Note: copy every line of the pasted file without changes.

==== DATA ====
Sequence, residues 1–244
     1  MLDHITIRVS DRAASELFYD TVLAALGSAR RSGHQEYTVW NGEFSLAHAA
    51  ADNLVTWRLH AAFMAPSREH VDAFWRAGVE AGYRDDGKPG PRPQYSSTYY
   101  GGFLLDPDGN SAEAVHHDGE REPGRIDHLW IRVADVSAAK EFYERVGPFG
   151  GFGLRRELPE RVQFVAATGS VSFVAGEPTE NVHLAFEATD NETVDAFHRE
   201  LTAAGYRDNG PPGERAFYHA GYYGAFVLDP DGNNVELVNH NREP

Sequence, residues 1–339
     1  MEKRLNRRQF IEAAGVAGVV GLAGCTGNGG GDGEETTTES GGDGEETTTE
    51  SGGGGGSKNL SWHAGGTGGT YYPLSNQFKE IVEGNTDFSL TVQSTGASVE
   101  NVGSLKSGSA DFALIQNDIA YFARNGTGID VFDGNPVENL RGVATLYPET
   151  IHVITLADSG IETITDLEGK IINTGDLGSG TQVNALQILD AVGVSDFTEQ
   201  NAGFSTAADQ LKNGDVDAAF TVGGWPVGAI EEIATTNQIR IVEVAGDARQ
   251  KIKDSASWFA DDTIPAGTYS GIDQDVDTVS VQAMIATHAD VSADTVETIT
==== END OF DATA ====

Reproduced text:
Sequence, residues 1–244
     1  MLDHITIRVS DRAASELFYD TVLAALGSAR RSGHQEYTVW NGEFSLAHAA
    51  ADNLVTWRLH AAFMAPSREH VDAFWRAGVE AGYRDDGKPG PRPQYSSTYY
   101  GGFLLDPDGN SAEAVHHDGE REPGRIDHLW IRVADVSAAK EFYERVGPFG
   151  GFGLRRELPE RVQFVAATGS VSFVAGEPTE NVHLAFEATD NETVDAFHRE
   201  LTAAGYRDNG PPGERAFYHA GYYGAFVLDP DGNNVELVNH NREP

Sequence, residues 1–339
     1  MEKRLNRRQF IEAAGVAGVV GLAGCTGNGG GDGEETTTES GGDGEETTTE
    51  SGGGGGSKNL SWHAGGTGGT YYPLSNQFKE IVEGNTDFSL TVQSTGASVE
   101  NVGSLKSGSA DFALIQNDIA YFARNGTGID VFDGNPVENL RGVATLYPET
   151  IHVITLADSG IETITDLEGK IINTGDLGSG TQVNALQILD AVGVSDFTEQ
   201  NAGFSTAADQ LKNGDVDAAF TVGGWPVGAI EEIATTNQIR IVEVAGDARQ
   251  KIKDSASWFA DDTIPAGTYS GIDQDVDTVS VQAMIATHAD VSADTVETIT